The TouchPaper Problems are haunting my dreams.
Before last Saturday’s presentation about the Problems, I already wrote 7 questions – two of which I revealed in the talk. To decide on them I thought back to the problems that frustrated my own classroom practice and the times when I wondered: “How the heck am I going to do x“.
But I didn’t just want any questions. I wanted problems that would reveal knowledge useful to anyone in education – whether teaching 5 year olds in a sleepy Cotswold valley, or at-risk 16 year-olds in Bradford. There’s also the problem of subject specificity. Right from my first discussion about the TouchPaper Problems people have been asking if there are different priorities for maths, or science, or drama. And this week Mike Cameron asked to the complex by pondering if we need a periodic table of students before we can answer such questions.
These are all great points, and I’m not averse to any of them. Maybe we need subject-specific problems. Maybe a periodic table would be useful. But today I’m keeping things simple.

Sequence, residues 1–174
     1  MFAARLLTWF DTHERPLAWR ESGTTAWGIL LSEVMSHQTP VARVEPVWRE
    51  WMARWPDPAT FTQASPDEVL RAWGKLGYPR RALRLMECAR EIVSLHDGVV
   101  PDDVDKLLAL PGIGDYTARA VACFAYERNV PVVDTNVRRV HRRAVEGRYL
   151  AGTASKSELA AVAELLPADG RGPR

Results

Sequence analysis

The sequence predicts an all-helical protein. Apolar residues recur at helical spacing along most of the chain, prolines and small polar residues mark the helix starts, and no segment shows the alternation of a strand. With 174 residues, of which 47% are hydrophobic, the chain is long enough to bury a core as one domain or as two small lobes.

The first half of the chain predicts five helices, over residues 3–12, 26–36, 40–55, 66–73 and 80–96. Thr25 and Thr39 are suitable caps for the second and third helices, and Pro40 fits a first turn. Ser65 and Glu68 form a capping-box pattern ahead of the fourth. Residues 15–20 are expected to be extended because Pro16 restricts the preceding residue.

So here are the problems I wrote 10 days ago. Slightly adapted, admittedly, but still generic and (I think) solvable. There is more to each one than meets the eye, so next week I will blog the thinking behind them. Until then, I’m sticking them out there in the world. It’s a first lighting of the TouchPaper, if you will. Enjoy!
The TouchPaper Problems – Version 1
- What is the shortest period of a time in which any person with dyslexia can be taught to spell the 1000 most common words in English?
- How can one invoke in a class the emotional state most productive for: (a) prosocial behaviour, (b) evaluative thinking, (c) memorization, (d) creation?
- If a child needs to remember 20 chunks of knowledge from one lesson to the next, what is the most effective homework to set?
- What determines the complexity of a concept?
- What are the necessary and sufficient conditions under which students will enter a classroom and most speedily engage in productive problem-solving?
- What rule best predicts teacher ‘behaviour’ ratings of pupils?
- What is the optimal number of times for a student to (a) read, (b) hear, or (c) say information aloud if they are to retain for 1, 3, & 6 month intervals?
Categories: UK Education Policy